Querying Data From an Access Database
Database Access In this lesson, we create a simple form that queries and shows data…
The first example we encountered for connecting to databases involves Visual Studio tools that don’t require you to type any code at all. We will now begin a series of lessons which concentrates on using the ADO.NET classes to type codes that connect to different data sources. We will use the Windows Forms Application project type to present the different examples of connecting to a data source. You should have also followed the lesson on creating a database and table where we created the database and table that we will need in the following lesson.
What we will be covering in the next lessons is how to query (retrieve records), insert or add records, delete records, and update existing records. I will present two ways of doing these things, the connected way, and the disconnected way. Although both do the same thing, they have their specific purposes and scenarios where you can use them.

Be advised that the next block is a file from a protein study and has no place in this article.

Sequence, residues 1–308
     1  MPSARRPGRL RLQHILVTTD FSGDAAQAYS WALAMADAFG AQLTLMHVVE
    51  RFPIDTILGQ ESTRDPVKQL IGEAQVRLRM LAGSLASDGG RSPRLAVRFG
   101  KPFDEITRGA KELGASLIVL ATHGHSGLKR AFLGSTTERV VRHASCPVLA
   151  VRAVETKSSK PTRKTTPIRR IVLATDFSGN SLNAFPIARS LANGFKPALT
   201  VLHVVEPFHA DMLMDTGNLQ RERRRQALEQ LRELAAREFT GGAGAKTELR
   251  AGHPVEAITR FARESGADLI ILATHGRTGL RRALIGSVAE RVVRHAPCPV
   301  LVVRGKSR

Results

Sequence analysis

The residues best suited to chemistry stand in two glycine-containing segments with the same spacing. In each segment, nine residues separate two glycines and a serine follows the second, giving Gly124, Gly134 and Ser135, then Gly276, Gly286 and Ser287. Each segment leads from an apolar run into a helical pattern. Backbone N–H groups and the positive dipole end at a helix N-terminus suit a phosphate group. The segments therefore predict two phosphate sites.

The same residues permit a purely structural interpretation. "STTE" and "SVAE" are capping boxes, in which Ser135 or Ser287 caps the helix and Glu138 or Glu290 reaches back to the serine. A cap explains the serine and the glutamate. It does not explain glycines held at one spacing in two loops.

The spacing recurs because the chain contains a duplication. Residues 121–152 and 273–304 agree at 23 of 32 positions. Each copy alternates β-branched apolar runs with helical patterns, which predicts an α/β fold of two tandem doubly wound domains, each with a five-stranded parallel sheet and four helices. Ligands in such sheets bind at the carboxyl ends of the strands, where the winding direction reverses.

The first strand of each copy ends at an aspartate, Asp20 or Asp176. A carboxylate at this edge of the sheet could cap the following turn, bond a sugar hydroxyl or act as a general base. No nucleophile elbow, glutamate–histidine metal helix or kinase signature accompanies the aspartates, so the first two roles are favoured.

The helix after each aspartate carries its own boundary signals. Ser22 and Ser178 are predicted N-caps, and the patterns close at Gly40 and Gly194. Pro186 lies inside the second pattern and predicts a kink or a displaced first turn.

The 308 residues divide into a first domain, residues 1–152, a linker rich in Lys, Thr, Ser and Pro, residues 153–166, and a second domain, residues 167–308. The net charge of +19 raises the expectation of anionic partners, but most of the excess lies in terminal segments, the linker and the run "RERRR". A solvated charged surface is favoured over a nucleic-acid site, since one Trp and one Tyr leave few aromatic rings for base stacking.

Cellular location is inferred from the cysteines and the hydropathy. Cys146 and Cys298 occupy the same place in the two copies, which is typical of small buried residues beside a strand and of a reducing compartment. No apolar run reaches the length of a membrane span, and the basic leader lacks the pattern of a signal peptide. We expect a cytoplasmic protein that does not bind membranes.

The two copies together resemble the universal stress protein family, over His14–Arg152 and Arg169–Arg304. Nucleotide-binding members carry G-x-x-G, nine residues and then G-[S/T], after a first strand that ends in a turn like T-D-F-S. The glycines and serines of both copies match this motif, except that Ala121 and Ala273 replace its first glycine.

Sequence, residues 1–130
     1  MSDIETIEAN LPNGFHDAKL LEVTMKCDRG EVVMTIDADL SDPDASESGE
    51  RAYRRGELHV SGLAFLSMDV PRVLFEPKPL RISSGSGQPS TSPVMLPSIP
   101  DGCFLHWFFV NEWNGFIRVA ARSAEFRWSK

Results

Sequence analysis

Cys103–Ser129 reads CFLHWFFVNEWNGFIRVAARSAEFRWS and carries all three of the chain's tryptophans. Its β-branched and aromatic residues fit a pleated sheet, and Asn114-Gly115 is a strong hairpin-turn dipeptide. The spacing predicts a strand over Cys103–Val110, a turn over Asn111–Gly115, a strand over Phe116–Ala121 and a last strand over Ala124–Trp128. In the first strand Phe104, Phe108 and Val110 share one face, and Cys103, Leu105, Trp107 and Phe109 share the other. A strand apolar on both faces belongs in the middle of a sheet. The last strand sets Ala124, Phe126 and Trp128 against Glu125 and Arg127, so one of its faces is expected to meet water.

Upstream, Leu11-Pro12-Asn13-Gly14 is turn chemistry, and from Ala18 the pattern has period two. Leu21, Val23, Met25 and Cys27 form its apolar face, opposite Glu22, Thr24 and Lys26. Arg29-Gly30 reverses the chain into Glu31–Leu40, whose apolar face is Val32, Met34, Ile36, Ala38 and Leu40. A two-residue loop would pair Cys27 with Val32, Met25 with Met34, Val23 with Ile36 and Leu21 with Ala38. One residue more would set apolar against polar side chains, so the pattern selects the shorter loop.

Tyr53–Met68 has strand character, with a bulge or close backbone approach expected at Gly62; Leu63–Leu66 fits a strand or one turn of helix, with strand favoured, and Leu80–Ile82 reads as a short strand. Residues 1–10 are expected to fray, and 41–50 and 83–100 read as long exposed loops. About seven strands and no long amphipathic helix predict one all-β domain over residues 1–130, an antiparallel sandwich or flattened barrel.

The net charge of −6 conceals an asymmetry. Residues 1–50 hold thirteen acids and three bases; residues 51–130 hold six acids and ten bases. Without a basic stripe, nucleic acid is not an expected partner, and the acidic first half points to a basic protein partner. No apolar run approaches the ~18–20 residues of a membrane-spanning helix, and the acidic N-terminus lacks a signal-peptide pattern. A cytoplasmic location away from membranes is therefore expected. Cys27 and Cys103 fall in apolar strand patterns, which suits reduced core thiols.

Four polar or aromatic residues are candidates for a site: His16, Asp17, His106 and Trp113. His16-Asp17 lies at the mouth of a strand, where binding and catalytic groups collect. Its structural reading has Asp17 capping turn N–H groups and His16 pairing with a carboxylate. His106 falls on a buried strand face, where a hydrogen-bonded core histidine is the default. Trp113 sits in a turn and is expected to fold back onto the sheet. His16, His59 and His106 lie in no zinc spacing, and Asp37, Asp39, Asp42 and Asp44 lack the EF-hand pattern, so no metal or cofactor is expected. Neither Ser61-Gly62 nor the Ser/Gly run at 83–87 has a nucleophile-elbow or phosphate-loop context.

The connected approach is good if you want to execute commands quickly and you are working with a big set of data. The disadvantage of it is that you need to open the connection and no other connection can use it until you close it again. The disconnected approach is recommended if you are working with small chunks of data from the database. One big advantage of using it is that you don’t need an open connection as the results are filled inside a DataSet. You can then do the modifications in the DataSet and submit the changes to the database later.
If you have already tried out connecting to the database using the tools offered by Visual Studio, this time, you have to type every single code used to connect to the data source. Why do this if such tools already exist? This is because those tools generate hundreds of lines of code which is optimized and full of advanced stuff you won’t be needing for a simple data-driven application. The codes we will write will only contain several lines of code. As we progress we will modify the code we will learn and apply them to more advanced applications and techniques.
Note again that we will be using the Microsoft SQL Server 2008 Express as our main data source and I am assuming that you have installed it correctly including the sample database and tables we have created.